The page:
Co-Parenting in COVID-19: Key Questions to Ask Yourself

Co-Parenting in a Time When the Unexpected Is to be Expected

Co-parenting has been a struggle for numerous divorced parents, but COVID-19 has made it harder. School, sports, extracurricular activities, and playtime are at the core of many children’s daily routines, however, these experiences have been significantly interrupted by the pandemic. As a result, divorced parents must work to manage the chaos and uncertainties of COVID-19 while upholding their children’s best interests every step of the way. But how?

There is no rule book in co-parenting, and there is certainly no rule book in co-parenting during COVID-19. While families are navigating this public health crisis at their own pace and in their own style, the bottom line is that their children’s needs should be at the forefront of every decision they make. Pre-pandemic, divorced co-parents followed a parenting plan that suited their schedules and children’s needs. However, countless divorced co-parents are being forced to revise their parenting plan monthly and even weekly due to the pandemic, adding stress and hardships to all parties.

To best alleviate the burdens of co-parenting during COVID-19, our Westchester County divorce attorneys compiled a list of questions to ask yourself as you work towards finding solutions to your pandemic-related issues:

  1. Is it in the child's best interest to keep the existing parenting plan in place, sending the child back and forth between homes?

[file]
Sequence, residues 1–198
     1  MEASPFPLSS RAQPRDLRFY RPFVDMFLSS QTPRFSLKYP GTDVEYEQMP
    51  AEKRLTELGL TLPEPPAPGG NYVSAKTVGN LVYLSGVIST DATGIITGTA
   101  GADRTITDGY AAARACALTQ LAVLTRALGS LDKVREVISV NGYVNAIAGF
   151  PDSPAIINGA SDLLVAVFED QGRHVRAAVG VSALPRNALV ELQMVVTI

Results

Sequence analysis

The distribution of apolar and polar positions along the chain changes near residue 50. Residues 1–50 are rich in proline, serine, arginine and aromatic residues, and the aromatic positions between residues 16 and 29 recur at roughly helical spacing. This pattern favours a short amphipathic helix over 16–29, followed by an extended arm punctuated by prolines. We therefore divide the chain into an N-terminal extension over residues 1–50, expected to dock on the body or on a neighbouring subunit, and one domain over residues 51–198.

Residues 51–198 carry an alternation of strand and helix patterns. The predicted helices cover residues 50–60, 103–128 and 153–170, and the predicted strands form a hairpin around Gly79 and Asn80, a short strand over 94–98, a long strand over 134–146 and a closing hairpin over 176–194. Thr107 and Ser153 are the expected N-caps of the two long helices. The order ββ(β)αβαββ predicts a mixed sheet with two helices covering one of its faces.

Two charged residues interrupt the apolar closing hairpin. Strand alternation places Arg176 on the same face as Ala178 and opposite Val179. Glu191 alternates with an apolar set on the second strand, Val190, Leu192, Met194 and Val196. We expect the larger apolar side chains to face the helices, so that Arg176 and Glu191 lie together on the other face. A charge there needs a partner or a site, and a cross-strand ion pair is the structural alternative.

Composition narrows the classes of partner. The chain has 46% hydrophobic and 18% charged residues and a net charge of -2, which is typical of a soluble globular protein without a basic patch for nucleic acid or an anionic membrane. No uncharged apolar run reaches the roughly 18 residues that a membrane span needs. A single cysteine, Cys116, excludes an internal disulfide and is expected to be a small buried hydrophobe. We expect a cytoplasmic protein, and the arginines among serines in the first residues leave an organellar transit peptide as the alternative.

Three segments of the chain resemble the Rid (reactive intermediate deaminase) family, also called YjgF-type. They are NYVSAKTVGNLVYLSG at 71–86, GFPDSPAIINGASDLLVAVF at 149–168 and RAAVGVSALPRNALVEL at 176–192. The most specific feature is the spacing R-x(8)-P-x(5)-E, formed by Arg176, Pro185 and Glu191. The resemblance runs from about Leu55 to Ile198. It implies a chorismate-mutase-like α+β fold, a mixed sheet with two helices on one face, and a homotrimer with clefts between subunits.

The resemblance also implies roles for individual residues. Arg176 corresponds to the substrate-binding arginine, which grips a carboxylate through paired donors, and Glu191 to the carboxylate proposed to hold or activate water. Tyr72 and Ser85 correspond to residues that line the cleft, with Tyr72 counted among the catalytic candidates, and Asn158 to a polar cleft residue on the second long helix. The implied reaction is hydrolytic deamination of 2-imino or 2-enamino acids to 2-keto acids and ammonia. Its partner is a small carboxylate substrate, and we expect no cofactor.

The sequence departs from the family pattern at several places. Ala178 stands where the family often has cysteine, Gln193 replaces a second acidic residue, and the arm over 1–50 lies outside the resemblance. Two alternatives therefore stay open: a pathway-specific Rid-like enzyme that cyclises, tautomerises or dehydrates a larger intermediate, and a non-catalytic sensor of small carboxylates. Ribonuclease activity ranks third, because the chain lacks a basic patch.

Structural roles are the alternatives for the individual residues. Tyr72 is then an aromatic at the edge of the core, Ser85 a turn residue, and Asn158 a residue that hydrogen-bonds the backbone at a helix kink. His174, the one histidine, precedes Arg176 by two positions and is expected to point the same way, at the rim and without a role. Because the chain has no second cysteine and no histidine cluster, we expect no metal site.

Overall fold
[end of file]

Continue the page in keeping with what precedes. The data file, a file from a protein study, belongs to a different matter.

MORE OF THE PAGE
2. Is the child functioning better at one parent’s house over the other parent’s house?
  3. Is one parent able to support online school and virtual learning better than the other?
    • Do they have a stable internet connection, a reliable computer, a quiet home environment, etc.?
  4. Does one parent’s profession involve more contact with the public and subsequently more risk for household members?
  5. How well do both parents comply with COVID-19 safety measures in their personal, professional, family, and social life?
  6. Who else lives in the home and how often do they come in contact with the public?
  7. Is a household member in a high-risk group?
    • Over 60 years old
    • Has underlying medical conditions
    • Is immunocompromised?
  8. Does one home have more space or access to safe outdoor spaces where children can play and exercise while following safety protocols?
  9. Would the child benefit from a temporary emergency parenting plan focused on their short-term needs and fluid circumstances?
  10. Will child support obligations change if the current parenting plan is modified?

Get Legal Counsel on Your Situation Today!

Our Westchester County lawyers are compassionate to your challenging experiences, as we understand that no one could prepare for the COVID-19 pandemic. That’s why we are committed to helping co-parents reach a common ground in their parenting plans by providing effective legal counsel and personalized solutions. If you want to learn how to best navigate your circumstances during the pandemic, reach out to us online or at (845) 605-4330!

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